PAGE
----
So rich and full was the life of Mark Twain, born Sam Clemens, that it requires two hours-plus to tell the full tale [adapted from Twain’s works, and Harold M. Sherman’s play Mark Twain, by Alan LeMay and Sherman]. It is a film that has its measure of symbolism: linking the humorist’s lifetime of 75 years to appearances of Halley’s Comet. The astronomical display was visible when Sam Clemens was born in Hannibal, Mo, on the banks of the Mississippi, and 75 years later, when the Chancellor of Oxford extols the great American writer, at a time when the famed university is also paying honor to Rudyard Kipling with an honorary doctorate of literature, it again makes its astral appearance.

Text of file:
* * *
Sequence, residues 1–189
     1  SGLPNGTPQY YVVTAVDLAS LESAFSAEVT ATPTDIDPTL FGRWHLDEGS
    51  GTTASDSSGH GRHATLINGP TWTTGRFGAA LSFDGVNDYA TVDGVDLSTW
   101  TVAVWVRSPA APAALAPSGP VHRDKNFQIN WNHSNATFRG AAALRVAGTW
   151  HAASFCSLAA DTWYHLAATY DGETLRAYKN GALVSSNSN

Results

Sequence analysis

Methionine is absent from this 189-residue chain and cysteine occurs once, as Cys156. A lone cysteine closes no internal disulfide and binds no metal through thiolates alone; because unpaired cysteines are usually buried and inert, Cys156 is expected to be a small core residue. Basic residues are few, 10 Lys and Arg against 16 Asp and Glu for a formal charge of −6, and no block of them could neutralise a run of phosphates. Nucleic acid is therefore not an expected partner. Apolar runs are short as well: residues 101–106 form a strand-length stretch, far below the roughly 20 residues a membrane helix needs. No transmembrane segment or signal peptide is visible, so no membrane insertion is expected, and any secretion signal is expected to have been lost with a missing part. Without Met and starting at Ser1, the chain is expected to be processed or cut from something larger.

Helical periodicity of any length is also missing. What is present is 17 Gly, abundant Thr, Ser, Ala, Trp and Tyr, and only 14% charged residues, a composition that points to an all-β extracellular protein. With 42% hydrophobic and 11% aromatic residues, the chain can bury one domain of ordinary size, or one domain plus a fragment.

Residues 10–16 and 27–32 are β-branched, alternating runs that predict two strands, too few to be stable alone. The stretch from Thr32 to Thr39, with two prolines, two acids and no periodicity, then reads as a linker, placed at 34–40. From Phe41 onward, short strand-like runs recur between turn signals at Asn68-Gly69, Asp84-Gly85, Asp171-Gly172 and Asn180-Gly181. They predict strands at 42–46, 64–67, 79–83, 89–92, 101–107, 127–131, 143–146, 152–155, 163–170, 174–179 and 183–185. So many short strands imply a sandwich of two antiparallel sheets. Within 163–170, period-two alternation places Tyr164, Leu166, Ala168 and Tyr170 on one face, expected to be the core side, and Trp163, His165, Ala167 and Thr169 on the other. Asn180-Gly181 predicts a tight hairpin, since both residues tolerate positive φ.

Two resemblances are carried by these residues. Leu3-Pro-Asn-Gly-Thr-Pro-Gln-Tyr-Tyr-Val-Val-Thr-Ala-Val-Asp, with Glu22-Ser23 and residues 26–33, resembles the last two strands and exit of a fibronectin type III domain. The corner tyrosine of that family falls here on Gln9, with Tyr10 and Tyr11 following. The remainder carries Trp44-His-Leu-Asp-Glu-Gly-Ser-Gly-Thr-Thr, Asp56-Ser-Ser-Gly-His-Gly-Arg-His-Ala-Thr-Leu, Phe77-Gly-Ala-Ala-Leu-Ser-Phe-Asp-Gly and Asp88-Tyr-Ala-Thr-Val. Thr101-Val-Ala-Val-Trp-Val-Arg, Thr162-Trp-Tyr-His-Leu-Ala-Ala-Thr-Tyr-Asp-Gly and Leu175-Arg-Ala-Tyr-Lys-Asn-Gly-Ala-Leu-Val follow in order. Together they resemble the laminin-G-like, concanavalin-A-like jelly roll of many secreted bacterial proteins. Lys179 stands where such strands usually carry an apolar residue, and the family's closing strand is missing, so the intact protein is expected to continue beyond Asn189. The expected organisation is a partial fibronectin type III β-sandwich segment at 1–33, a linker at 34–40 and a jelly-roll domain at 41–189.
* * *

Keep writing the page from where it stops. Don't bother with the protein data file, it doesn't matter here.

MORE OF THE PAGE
In between Clemens has adventured as a river boatman, journeyman reporter, and western goldrusher, only to find sudden fame with his saga of the jumping frogs. Soon follow renown and fortune as Tom Sawyer, Huck Finn and the rest of his ‘funny books’ capture the hearts and the minds of all America, only to be dissipated in abortive attempts with an automatic printing press, extravagant publishing ventures and the like.
1944: Nominations: Best B&W Art Direction, Scoring of a Dramatic Picture, Special Effects